The effects of the Omagh bomb on adolescent mental health: a school-based study

Michael Duffy, Maura McDermott, Andrew Percy, Anke Ehlers, David M Clarke, Michael Fitzgerald, John Moriarty

Research output: Contribution to journalArticle

4 Citations (Scopus)
377 Downloads (Pure)

Abstract

Background: The main objective of this study was to assess psychiatric morbidity among adolescentsfollowing the Omagh car bombing in Northern Ireland in 1998.

Methods: Data was collected within schools from adolescents aged between 14 and 18 years via a selfcompletionbooklet comprised of established predictors of PTSD; type of exposure, initialemotional response, long-term adverse physical problems, predictors derived from Ehlers andClark’s (2000) cognitive model, a PTSD symptoms measure (PDS) and the General HealthQuestionnaire (GHQ).

Results:Those with more direct physical exposure were significantly more likely to meet caseness onthe GHQ and the PDS. The combined pre and peri trauma risk factors highlighted in previousmeta-analyses accounted for 20% of the variance in PDS scores but the amount of varianceaccounted for increased to 56% when the variables highlighted in Ehlers and Clark’scognitive model for PTSD were added.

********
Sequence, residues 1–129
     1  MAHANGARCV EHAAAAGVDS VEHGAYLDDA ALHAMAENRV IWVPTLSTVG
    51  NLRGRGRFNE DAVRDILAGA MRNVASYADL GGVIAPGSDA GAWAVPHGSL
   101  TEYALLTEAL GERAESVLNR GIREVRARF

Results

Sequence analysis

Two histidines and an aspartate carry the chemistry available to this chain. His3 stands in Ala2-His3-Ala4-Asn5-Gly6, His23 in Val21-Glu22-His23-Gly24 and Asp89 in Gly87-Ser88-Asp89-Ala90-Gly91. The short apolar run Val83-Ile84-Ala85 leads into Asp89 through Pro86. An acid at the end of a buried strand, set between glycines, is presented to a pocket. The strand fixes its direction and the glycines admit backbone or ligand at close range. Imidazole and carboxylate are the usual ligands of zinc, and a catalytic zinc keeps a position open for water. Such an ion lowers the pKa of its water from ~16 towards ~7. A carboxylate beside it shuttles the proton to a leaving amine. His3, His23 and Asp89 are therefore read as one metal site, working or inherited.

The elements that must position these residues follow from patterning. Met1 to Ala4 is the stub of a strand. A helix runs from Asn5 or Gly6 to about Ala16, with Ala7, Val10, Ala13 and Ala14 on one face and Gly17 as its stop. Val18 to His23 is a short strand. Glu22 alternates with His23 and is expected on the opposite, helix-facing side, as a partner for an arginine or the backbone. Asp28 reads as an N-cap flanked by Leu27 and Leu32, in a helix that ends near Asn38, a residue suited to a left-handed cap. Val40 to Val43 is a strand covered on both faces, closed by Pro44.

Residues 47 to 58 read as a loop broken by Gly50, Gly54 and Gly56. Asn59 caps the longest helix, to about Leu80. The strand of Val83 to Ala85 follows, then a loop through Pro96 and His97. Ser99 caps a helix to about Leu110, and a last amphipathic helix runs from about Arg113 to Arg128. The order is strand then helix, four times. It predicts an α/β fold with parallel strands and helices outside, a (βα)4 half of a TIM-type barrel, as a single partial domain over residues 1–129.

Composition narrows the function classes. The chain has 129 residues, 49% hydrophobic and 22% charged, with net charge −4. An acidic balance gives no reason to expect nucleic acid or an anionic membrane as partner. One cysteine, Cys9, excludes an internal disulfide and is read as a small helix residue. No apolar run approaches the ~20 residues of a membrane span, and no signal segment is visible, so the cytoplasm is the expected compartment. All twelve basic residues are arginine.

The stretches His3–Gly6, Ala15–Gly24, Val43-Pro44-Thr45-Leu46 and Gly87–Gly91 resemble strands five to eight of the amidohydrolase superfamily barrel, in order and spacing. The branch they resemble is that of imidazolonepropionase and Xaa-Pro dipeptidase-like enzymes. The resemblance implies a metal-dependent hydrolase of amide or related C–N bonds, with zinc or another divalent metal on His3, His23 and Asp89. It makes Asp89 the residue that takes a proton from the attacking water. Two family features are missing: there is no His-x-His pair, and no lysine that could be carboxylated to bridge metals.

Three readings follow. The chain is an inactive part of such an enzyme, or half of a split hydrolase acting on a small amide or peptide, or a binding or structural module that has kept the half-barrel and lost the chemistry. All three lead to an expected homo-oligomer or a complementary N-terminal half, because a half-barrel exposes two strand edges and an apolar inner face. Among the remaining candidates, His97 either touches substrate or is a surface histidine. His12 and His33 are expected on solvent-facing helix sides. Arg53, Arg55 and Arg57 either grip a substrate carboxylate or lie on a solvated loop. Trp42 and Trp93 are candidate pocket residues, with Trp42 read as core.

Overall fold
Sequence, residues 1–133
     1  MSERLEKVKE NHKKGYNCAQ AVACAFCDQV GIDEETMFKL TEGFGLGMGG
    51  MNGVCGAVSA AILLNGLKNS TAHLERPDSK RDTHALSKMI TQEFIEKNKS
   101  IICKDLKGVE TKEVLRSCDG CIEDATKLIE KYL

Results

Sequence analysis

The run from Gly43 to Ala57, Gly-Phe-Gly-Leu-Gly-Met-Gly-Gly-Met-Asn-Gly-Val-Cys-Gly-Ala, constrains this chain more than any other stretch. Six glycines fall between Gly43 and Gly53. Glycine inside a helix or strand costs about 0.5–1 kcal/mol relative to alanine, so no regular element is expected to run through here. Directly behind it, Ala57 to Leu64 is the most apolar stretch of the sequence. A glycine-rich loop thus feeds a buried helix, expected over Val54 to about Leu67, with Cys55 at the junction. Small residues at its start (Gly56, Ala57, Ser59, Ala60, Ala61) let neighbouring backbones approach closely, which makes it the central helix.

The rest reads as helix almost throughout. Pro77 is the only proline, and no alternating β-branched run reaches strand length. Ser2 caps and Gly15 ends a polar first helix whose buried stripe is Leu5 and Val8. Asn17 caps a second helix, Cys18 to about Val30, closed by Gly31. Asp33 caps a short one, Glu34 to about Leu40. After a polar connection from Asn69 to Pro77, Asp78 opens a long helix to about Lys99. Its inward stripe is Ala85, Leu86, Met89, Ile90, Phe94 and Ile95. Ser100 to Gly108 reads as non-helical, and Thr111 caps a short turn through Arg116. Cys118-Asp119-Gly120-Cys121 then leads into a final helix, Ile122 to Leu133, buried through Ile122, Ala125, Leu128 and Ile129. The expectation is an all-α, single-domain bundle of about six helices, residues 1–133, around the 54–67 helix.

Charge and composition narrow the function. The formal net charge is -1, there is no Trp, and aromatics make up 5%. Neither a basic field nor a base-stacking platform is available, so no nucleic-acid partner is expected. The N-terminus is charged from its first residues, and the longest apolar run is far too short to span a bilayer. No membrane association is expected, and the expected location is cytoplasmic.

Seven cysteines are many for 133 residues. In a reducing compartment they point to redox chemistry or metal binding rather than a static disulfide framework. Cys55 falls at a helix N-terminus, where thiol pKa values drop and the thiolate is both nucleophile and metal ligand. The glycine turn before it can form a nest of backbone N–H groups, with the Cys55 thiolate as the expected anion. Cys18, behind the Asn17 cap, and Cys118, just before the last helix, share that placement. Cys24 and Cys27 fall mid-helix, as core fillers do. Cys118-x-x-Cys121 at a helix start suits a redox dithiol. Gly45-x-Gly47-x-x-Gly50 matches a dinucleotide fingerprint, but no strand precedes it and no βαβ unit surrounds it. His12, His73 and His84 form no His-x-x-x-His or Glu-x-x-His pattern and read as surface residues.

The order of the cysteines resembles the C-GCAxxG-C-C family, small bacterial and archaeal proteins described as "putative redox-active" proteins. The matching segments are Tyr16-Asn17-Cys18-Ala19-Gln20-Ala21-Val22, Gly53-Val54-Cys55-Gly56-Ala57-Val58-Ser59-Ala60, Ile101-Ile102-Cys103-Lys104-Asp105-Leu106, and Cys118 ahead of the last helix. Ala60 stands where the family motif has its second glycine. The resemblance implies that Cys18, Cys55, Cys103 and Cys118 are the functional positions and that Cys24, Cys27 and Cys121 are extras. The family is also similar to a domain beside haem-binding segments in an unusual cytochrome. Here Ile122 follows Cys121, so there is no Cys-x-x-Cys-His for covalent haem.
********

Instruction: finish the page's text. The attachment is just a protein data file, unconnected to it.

Conclusions: High rates of chronic PTSD were observed in adolescents exposed to the bombing. Whilstincreased exposure was associated with increased psychiatric morbidity, the best predictors ofPTSD were specific aspects of the trauma (‘seeing someone you think is dying’), what youare thinking during the event (‘think you are going to die’) and the cognitive mechanismsemployed after the trauma. As these variables are in principle amenable to treatment theresults have implications for teams planning treatment interventions after future traumas.
Original languageEnglish
Article number18
Number of pages10
JournalBMC Psychiatry
Volume15
Issue number18
Early online date06 Feb 2015
DOIs
Publication statusPublished - 2015

Keywords

  • Adolescent
  • Adolescent Behavior
  • Bombs
  • Disasters
  • Female
  • Humans
  • Male
  • Northern Ireland
  • Risk Factors
  • Schools
  • Stress Disorders, Post-Traumatic

ASJC Scopus subject areas

  • Social Sciences(all)

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